Flowering Plants: Life Cycle & Examples

Instructor: Shannon Compton

Shannon teaches Microbiology and has a Master's and a PhD in Biomedical Science. She also researches cancer and neurodegenerative diseases.

You likely know that a flower is the reproductive part of a flowering plant (or angiosperm). Did you know that a flower can be male, or female, or both? Or that an angiosperm can reproduce sexually or asexually? This lesson covers the angiosperm life cycle.

What is a Flowering Plant?

Many plants can reproduce either sexually or asexually. Flowers allow for genetic diversity. Just like us humans, flowering plants have sperm and eggs. Unlike us, flowering plants can have sperm and eggs produced in the same organ. But flowering plants do not have to reproduce sexually. For example, a strawberry plant can make flowers and fruit (via sexual reproduction) or send out a runner (via asexual reproduction). The table below lists the groups of angiosperms. The matching images are in the summary of this lesson.

Table of angiosperms
Table of angiosperms

The Plant Life Cycle

Angiosperms (flowering plants) have two alternative life cycles because they undergo sexual and asexual reproduction. Asexual reproduction creates a clone of the original plant. The advantage to asexual reproduction is that an individual plant can propagate the species. Sexual reproduction creates genetic diversity. The seeds produced by sexual reproduction can also help distribute plants to far away areas. Thus, there are two advantages to sexual reproduction. Figure 1 shows the angiosperm life cycle.

Angiosperm Life Cycle
Image of angiosperm life cycle


The growing tip of a plant is called the meristem. You can see this at the tip of a branch, and it is where new leaves form. Angiosperms shift between a vegetative growth phase (no flowers) and a reproductive growth phase (flowers). The tip of the growing plant is called an apical meristem when the plant is in a vegetative phase. It becomes a floral meristem when the plant transitions into the reproductive phase.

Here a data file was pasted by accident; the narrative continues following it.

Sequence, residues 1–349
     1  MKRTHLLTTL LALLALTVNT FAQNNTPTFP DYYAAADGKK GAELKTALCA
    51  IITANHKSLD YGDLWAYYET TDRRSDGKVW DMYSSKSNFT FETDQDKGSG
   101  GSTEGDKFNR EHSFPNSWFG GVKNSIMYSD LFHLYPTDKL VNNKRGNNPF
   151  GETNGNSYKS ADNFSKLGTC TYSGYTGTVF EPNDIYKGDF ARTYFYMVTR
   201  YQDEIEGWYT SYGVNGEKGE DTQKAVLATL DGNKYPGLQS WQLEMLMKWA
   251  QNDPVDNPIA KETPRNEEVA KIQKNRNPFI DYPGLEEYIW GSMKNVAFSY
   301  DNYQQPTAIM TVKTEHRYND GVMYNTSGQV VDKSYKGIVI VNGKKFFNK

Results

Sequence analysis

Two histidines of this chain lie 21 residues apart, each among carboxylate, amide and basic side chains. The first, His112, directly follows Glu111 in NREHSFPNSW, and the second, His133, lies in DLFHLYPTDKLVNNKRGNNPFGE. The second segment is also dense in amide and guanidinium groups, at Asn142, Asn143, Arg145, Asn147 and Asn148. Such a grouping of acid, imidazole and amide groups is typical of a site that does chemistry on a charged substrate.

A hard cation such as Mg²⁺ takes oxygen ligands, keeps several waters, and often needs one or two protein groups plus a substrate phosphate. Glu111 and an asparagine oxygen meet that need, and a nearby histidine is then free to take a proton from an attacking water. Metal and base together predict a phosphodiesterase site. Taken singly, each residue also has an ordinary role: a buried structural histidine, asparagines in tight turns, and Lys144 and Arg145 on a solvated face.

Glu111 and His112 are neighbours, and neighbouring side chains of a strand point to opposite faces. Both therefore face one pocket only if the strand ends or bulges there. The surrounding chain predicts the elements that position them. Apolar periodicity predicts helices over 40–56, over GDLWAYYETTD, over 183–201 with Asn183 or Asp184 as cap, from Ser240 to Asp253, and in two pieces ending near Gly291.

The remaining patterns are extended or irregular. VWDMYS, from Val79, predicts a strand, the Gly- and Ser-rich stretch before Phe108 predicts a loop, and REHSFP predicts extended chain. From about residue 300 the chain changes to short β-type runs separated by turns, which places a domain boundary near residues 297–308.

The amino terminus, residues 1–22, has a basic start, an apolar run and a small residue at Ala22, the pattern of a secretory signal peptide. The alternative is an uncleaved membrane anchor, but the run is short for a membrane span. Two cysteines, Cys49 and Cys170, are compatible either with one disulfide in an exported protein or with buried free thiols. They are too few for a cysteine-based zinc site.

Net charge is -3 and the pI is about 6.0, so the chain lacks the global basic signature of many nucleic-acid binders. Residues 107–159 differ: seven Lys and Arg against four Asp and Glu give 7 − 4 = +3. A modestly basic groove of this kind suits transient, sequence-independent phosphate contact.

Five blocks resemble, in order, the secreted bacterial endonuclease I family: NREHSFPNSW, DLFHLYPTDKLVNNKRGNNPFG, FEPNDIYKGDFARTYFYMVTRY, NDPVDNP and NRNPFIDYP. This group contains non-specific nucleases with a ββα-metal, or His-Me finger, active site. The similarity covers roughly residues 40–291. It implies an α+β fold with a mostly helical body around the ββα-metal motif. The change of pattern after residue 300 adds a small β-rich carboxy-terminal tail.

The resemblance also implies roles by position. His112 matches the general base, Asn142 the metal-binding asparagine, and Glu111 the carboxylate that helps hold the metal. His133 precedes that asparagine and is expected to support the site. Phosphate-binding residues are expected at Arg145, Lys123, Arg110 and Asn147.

Other than the obvious flower versus leaves visible difference, there is another difference between these meristems. Apical meristems have indeterminate growth. That is, they can keep growing and growing. Flowers do not keep growing. Thus, floral meristems form a flower and stop growing. This is determinant growth.

Diploid vs. Haploid

Like most other higher organisms, plants are diploid. This means that they have two copies of each gene in their nucleus. Once copy comes from each parent, which is how we get genetic diversity. Each parent is genetically different, thus the combination of their genetic material (DNA) creates a new variation. For example, someone might have said to you, 'You have your father's eyes, but your mother's nose.'

Sperm and egg cells (gametes or gametophytes) are haploid. This means that they have half of the genetic material of a diploid cell. Sexual reproduction requires that the diploid organism halves its DNA. If it did not, then the offspring would inherit all of each parent's genetic material. They would have twice as much DNA as necessary. So, developing gametes undergo two stages of cell division, mitosis (cell division with DNA replication) and meiosis (cell division without DNA replication). The resulting mature gamete is haploid.

The Angiosperm Sexual Reproduction Organ: The Flower

When you look at a flowering plant, the part you can see is called a sporophyte. The flower contains the male and/or female gametophytes. Flowers are actually modified leaves. Each flower contains four different types of modified leaves: carpels, petals, stamens, and sepals. Figure 2 shows the different parts of a flower.

Anatomy of a Flower
Image of Flower anatomy

The Female Gametophyte

The carpel is the female sex organ. Female gametophytes develop within the carpel. The carpel (megametophyte) is comprised of a stigma, style, ovary, and ovule. The megaspores (egg cells or female gametophytes) reside within the ovule (macrospore).

An individual macrospore will undergo meiosis twice to produce four haploid macrospores. Three of these haploid macrospores will die. The remaining macrospores undergo mitosis (cell division with DNA replication) three times. This process is called megagametogenesis, and it results in an embryo sac with one egg. Only the egg is fertilized - the rest of the cells aid with fertilization.

The Male Gametophyte

Male gametophytes are called microspores. They develop within the male sex organ (anther). They also undergo two rounds of meiosis to produce four haploid cells. However, all four haploid cells will develop into pollen grains (microgametophytes). To form a pollen grain, an individual microspore forms a spore wall. Inside the spore wall the haploid cell divides via mitosis. The resulting two cells are called a generative cell and a tube cell.


Pollen grains are released from the anther and travel to the stigma. Once bound to the stigma, the tube cell forms a pollen tube which delivers the sperm to the egg. Only one sperm nucleus fuses with the egg. The other fuses with the polar nuclei. An embryo then begins to develop within the ovary. The ovary becomes a seed. If the angiosperm develops fruit, then the ovary wall thickens and creates the edible portion of the fruit.

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